Media Coverage of SARS Epidemic is Focus of Lecture by Historian
(Posted January 17, 2005)
HUNTINGDON, Pa. -- A historian from The Johns Hopkins University School of Medicine, who specializes in the history of Chinese medicine, will speak at Juniata College on "Media Blindspots, Conceptural Blindfolds: Chinese Medicine and the SARS Epidemic" at 7:30 p.m., Thursday, Jan. 20 in Alumni Hall in the Brumbaugh Academic Center on the Juniata campus.
The lecture, which is part of the Delbert McQuaide Lectureship in history and is sponsored by the history department, is free and open to the public.
Marta Hanson, assistant professor of history at Johns Hopkins, will talk about how daily U.S. media coverage of the SARS epidemic of 2003 concentrated on Western medical efforts and ignored how traditional Chinese medicine was used to combat the outbreak. More than half of the SARS patients in mainland China were treated with Chinese herbs in conjunction with Western steroid and antibiotic treatments.
She will detail how media outlets covering the epidemic failed -- largely because Western reporters could not read reports of how Chinese treatment methods were used and because reporters prefer to explain events in Western medical terms -- to tell the full story of the SARS epidemic.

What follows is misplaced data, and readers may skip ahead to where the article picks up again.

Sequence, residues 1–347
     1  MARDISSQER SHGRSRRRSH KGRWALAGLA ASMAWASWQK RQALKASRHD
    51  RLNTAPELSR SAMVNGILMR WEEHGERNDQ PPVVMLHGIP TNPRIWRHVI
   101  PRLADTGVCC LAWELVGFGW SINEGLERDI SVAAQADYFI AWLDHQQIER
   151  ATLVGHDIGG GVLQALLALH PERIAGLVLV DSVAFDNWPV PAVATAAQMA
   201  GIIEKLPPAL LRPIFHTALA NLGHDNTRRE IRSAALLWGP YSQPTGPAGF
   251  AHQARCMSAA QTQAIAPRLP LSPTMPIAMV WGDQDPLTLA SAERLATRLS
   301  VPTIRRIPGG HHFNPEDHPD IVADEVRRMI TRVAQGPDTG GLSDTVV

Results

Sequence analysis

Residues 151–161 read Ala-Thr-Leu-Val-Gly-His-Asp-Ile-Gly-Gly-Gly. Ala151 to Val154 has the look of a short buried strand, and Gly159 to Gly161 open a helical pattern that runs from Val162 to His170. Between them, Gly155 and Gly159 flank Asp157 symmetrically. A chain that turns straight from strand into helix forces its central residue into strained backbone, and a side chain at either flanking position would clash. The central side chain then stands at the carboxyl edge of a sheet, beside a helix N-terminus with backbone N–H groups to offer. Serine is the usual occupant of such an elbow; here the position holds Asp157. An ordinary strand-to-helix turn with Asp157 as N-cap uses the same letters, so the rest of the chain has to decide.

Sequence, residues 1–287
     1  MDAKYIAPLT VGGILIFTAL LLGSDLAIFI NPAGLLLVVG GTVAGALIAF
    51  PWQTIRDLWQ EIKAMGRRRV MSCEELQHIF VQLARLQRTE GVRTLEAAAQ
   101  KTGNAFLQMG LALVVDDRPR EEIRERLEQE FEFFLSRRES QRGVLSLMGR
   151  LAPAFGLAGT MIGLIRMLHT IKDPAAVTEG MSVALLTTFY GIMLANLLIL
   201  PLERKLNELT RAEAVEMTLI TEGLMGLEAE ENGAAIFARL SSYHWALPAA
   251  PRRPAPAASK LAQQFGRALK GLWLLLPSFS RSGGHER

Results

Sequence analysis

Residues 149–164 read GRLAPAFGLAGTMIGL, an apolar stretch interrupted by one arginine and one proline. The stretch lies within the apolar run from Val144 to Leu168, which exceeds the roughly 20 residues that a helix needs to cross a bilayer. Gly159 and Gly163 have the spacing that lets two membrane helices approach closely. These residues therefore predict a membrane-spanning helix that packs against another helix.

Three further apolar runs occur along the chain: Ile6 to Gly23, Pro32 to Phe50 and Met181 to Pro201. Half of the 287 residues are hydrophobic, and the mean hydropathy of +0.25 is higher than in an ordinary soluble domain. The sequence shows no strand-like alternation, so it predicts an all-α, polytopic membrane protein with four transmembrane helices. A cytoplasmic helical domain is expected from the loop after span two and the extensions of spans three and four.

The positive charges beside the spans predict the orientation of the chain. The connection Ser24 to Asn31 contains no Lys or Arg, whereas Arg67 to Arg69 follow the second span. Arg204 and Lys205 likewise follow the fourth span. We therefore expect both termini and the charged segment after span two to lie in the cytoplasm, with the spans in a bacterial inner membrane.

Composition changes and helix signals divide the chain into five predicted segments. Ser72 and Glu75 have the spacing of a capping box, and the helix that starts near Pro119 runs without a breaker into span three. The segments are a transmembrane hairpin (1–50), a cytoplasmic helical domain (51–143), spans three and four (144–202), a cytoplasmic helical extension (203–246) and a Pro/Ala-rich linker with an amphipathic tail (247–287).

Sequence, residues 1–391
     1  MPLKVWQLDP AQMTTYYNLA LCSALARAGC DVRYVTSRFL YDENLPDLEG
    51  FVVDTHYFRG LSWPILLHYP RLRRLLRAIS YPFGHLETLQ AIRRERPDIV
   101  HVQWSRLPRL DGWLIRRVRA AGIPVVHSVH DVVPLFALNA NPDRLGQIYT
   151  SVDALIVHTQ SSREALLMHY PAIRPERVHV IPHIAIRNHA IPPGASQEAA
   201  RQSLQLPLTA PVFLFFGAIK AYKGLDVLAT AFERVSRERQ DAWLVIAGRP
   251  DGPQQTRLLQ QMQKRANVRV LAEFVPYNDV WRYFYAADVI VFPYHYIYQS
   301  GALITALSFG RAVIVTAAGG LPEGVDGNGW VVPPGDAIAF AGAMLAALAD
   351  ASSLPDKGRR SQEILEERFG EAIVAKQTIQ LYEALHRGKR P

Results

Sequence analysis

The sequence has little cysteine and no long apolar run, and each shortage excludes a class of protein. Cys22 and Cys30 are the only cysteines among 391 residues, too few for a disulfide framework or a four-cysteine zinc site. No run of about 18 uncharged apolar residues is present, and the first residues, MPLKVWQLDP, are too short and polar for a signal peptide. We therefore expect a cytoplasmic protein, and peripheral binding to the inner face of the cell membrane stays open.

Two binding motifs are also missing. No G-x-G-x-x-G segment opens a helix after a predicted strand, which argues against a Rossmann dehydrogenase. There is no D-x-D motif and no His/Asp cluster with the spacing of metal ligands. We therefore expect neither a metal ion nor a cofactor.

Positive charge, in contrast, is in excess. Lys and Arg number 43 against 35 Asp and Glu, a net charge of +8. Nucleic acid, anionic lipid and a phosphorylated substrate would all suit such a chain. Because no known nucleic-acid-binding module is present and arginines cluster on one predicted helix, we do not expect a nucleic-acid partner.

Hanson came to Johns Hopkins from a position as assistant professor of history at the University of California at San Diego, where she worked from 1997 to 2004. Before that, she worked as an instructor in religious studies at Macalester College in St. Paul, Minn., and as a lecturer at the University of Minnesota.
She earned a bachelor's degree in Chinese studies at Brown University in Providence, R.I. in 1985. She went on to earn a masters degree in 1988 and a doctoral degree in 1997, both degrees in the history and sociology of science were awarded by the University of Pennsylvania.
The Delbert McQuaide Lectureship in History Series was established by Delbert McQuaide, a 1958 Juniata College graduate. He was a senior partner at McQuaide Blasko Law Offices in State College and served as general counsel for Penn State University and the Milton S. Hershey Medical Center. He was president of the Centre County Bar Association, and a member of the Pennsylvania, and American Bar Associations and the National Association of College and University Attorneys. Mr. McQuaide was a member of the Board of Trustees from 1994 and served as chairman from 1996 until his death in 1997.
Contact April Feagley at firstname.lastname@example.org or (814) 641-3131 for more information.